Chagas’ disease caused by the protozoan parasite Trypanosoma cruzi (T. cruzi) is widespread in Central and South America infecting an estimated 12 to 14 million people, with infection often leading to chronic myocarditis resulting in high morbidity and mortality. In addition to our catalog of T. cruzi parasites and triatomine vectors, BEI Resources now offers monoclonal antibodies raised against parasite stage-specific surface antigens, which play important roles during infection. These antigens include the trypomastigote-specific antigen Ssp-1 (BEI Resources NR-50891) and the amastigote-specific surface antigen Ssp-4 (BEI Resources NR-50892). Studies have shown the presence of Ssp-4 in tissue culture supernatants of T. cruzi-infected cells and the presence of anti-Ssp4 antibodies in sera from chagasic patients. These monoclonal antibodies were generously contributed by Dr. Norma Andrews, University of Maryland. Dr. Andrews generated these monoclonal antibodies while at the laboratory of Dr. Ruth Nussenzweig, New York University.
Image: Immunofluorescence staining of amastigotes of Trypanosoma cruzi, strain TcVT-1 (BEI Resources NR-36630) with Monoclonal Anti-Trypanosoma cruzi, NR-50892. A, Light microscopy image of T. cruzi-infected kidney epithelial cells (ATCC® CCL-26™). B, Immunostaining of intracellular amastigotes with NR-50892 labeled with a FITC-conjugated rabbit anti-mouse antibody. Host cell and parasite nuclei are stained with DAPI.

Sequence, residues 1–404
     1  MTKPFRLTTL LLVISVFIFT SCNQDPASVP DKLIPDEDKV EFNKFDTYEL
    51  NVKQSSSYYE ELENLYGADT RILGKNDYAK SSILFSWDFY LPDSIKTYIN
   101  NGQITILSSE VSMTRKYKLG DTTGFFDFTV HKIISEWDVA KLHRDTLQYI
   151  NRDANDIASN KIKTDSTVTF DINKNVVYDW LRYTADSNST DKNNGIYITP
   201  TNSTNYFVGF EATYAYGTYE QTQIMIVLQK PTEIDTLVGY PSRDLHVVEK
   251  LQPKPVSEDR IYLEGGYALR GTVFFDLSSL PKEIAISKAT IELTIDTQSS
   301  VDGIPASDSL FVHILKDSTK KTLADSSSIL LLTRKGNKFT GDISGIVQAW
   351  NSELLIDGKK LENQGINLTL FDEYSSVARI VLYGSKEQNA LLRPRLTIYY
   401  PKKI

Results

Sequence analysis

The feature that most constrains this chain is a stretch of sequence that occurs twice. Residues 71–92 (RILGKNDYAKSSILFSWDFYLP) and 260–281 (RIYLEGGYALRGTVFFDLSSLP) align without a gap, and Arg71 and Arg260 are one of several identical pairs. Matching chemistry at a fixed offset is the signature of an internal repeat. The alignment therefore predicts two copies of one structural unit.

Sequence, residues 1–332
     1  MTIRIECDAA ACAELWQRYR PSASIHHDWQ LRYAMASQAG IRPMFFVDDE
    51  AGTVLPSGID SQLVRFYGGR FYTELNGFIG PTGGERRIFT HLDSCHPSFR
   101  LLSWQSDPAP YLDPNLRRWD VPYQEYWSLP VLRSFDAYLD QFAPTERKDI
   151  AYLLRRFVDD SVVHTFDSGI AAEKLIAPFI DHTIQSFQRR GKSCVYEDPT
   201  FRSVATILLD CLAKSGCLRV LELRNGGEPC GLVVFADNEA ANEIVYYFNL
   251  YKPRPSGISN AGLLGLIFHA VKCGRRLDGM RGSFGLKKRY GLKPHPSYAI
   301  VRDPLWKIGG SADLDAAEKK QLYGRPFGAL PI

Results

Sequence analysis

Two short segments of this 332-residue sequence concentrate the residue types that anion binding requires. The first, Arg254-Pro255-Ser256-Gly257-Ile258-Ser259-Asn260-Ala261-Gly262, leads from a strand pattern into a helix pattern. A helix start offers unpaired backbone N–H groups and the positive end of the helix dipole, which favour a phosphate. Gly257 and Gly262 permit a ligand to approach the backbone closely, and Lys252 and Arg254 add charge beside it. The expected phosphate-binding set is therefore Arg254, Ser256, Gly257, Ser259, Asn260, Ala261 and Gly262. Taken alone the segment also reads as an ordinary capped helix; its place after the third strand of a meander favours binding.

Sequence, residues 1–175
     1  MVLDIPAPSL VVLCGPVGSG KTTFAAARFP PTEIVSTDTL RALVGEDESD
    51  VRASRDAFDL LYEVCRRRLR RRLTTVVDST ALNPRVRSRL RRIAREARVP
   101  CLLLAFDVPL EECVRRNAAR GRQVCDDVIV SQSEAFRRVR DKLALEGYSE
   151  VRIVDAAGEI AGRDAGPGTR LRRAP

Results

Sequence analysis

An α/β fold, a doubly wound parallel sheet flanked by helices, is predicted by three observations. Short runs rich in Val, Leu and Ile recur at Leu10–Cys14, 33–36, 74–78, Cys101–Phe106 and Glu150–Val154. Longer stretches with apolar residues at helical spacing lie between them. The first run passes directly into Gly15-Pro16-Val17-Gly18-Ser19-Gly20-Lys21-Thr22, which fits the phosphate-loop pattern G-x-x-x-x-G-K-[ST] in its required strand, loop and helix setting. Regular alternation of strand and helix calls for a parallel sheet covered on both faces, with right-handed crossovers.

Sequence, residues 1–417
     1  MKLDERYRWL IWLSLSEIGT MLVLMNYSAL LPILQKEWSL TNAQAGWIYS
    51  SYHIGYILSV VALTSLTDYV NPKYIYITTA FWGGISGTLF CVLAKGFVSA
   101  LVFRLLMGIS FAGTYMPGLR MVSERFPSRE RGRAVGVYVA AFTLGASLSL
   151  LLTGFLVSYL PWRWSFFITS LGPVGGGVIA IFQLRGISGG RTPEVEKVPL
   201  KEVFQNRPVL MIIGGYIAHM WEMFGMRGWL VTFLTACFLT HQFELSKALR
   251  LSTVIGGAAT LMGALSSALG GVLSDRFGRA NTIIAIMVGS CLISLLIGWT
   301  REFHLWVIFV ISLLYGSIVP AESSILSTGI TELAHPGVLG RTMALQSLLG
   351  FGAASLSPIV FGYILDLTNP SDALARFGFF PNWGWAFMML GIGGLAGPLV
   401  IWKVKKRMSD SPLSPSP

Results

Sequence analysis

- Andrews, N. W., et al. “Stage-Specific Surface Antigens Expressed during the Morphogenesis of Vertebrate Forms of Trypanosoma cruzi.” Exp. Parasitol. 64 (1987): 474-484. PubMed: 3315736.
- Andrews, N. W., et al. “Developmentally Regulated, Phospholipase C-Mediated Release of the Major Surface Glycoprotein of Amastigotes of Trypanosoma cruzi.” 167 (1988): 300-314. PubMed: 3279152.